Mark D Cassar
on
October 31, 2022

VERTIGO … The joke was on me

If you’ve ever been taken for a ride, suckered in or felt like you had just been conned you might have an inkling of how I feel watching this cinematic shiny jewel in perverse seduction for once you go down into that rabbit hole… beware.

Hitchcock was a prankster, a past master in male manipulation this being his “masterpiece”, or was it just mental masturbation? ‘Vertigo'(1958) is one of those films that has perplexed me over the years. Because of all the plaudits from prominent people I just didn’t trust my own judgment. In 2012, eight hundred and forty-six critics, curators and programmers from all over the globe trumpeted in their once in a decade poll of ‘Sight & Sound’, a BFi publication, “the greatest film of all time” … of all time? Think about that for a second.

I feel as if I have been transported into the middle of a Bee Gee’s song, ‘I started a joke’. Taking a leaf out of Hitchcock’s book, to forget about the plot because this is tantamount to pathological titillation. The synopsis is a retired San Francisco detective Scottie played with over-acting zeal of a miscast Jimmy Stewart who has a massive boner for Madeleine (Kim Novak) is the quintessence of the movie. That is basically what the film revolves around, his cock.

Novak is the object of desire. Who cares what her character’s name is or where she is from or who she is, these things are irrelevant. Her one-dimensional lack of character is summed up by the duplicity in a crime therefore the sin has to be abated. You lie you die. After all Scottie is a law abiding, innocent man, not a deranged nut job who stalked a woman.

It’s too simple to say I don’t like it because that is not the full picture and to be fair let’s break it down. The opening iconic title sequence by Saul Bass is troublesome. Why use panning close ups of an unidentified female’s face, because that is not Novack. Is it to point out it doesn’t matter who it is? James Stewart is the star yet what we see is the panning down to her mouth as his name pops up above her top lip immediately objectifying her before the male gaze. The woman’s eyes look anxious, uncomfortable, and coupled with Bernard Herrmann’s unsettling music score, it’s a hypnotic thrill enhanced by the fascinating spirographic images by the uncredited John Whitney, a pioneer of computer animation. A whirlpool into a mind’s eye.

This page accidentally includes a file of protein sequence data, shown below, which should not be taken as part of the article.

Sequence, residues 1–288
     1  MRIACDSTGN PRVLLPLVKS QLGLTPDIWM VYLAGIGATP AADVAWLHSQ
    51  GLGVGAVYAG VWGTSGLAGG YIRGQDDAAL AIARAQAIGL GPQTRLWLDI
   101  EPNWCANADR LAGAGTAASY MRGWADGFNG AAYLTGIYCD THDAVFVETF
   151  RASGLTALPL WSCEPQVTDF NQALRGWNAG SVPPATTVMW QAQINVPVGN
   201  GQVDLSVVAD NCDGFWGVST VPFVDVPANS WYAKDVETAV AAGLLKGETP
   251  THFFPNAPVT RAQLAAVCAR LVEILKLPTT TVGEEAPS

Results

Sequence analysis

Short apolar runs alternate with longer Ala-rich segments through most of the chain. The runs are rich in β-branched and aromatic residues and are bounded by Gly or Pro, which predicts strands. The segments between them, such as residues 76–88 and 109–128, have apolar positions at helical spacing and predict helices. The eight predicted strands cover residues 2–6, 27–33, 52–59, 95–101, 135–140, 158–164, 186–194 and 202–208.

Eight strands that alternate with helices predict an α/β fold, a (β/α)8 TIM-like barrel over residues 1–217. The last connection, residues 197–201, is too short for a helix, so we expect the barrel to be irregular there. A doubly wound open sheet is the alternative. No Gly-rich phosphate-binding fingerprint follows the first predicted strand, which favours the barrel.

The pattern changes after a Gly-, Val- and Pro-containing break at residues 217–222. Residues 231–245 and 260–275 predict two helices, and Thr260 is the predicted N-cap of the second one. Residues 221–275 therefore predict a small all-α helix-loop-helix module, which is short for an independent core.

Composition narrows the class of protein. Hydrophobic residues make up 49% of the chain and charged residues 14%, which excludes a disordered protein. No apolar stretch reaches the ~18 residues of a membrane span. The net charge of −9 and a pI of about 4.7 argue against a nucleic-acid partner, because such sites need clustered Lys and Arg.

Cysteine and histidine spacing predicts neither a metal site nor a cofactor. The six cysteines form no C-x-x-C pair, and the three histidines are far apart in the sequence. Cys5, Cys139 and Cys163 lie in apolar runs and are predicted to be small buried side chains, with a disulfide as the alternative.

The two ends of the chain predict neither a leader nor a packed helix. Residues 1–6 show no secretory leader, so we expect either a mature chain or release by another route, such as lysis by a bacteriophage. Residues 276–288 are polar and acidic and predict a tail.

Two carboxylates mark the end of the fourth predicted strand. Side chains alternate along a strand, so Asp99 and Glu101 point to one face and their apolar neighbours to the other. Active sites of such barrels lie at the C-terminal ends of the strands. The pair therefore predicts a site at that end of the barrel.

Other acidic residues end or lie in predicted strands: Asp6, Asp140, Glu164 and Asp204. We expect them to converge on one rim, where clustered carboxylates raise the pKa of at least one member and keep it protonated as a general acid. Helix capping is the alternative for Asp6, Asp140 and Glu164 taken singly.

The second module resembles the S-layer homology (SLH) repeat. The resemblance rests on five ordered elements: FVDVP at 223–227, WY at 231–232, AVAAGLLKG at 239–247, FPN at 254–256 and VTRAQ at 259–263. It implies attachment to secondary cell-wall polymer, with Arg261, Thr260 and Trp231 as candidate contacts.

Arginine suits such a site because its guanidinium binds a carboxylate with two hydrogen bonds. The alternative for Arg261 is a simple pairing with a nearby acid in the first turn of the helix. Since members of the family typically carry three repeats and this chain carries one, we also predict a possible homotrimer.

The voyeuristic nature of Scotties obvious back projection tailing of Madeleine quickly becomes farcical. Then she sneaks into a florist via an unmarked door in an alleyway for no other reason than to add suspense and another excuse for Hitchcock to show us Scottie spying on her through a crack in a door, you could drive a bus through, which begs the question, why can’t Madeline see him? Aha-ha, but she can, that’s the twist in this rotten tale. Even if I’m buying this it makes him a really crap detective.

Moving on to the script, cast and the not so convincing acting. Within the first eleven minutes I’m already laughing out loud at Stewart’s twitchy cow of a performance. He can’t jump or fall without over-selling it. The introduction of his platonic sidekick Midge, (Barbara Bel Geddes) as Scottie tries to prove to her that he is over his fear of heights by warbling the ditty, “I look up, I look down, I look up, I look d…”. and then faint so laughably bad I’m filled with derision.

Fifteen seconds later, after Hitchcock’s perfunctory cameo, we witness the horrendously stiff set up with Scottie and Gavin (Tom Helmore). “I’m afraid some harm may come to her,” camera dolly’s in as Scottie asks, “from whom?” Close up on Gavin. “Someone dead”. I thought he was commenting on his own performance, another unintentional comedic moment.

The dreamlike cinematography of Robert Burks is sumptuous in places but then there is the trademark dolly shot while pulling focus, known as the ‘Vertigo effect’ creating the illusion of Scottie’s acrophobia, which apart from being gimmicky, only serves to highlight Stewart’s over-acting eyebrow.

Overall, Stewart is out of his depth resulting in a performance of comical overtures if it wasn’t so bloody irritating. Poor Kim Novak whose frumpiness is neither sexy nor mysterious. Doing nothing on screen is one of the most difficult things for actors to do. Novak is called upon to perform this task way too much for her meagre talent to deal with. Looking awkward, ill at ease, as if she had been told to react to the flowers in a store or a painting in the Legion of Honor or opening the blind whatever it is it looks labored lacking conviction. I know it’s meant to be sardonic, but I can’t be hoodwinked by this Hitchcock hokum.

The coroner’s (Henry Jones) sarcastic account of Scotties competency is funny but not as outrageously ludicrous as Scotties disembodied head or his over the top awakening from his nightmare. I could go on, but I’ll refrain just to add that by the time Kim Novak’s character has morphed into Judy I’m at the point where all interest and sympathy are lost. Then there is that ending that is quite frankly one hell of a way to cure your acrophobia. Whether it be the loud intrusive melodramatic music, the piss poor acting, or the production design fakery it all just adds up to feeling absurd, and just plain bad.

This is “one of the greatest films of all time”, according to “whom?”. An inert alarm rang within me for it takes one to know one. It has to be bunch of frustrated middle age white men… Hmmm.“… the joke was on me.”

Mark D Cassar

Mark D.Cassar was a freelance film and video editor in New York, having worked for HBO and Warner Bros Pictures. Follow him on Facebook and Instagram.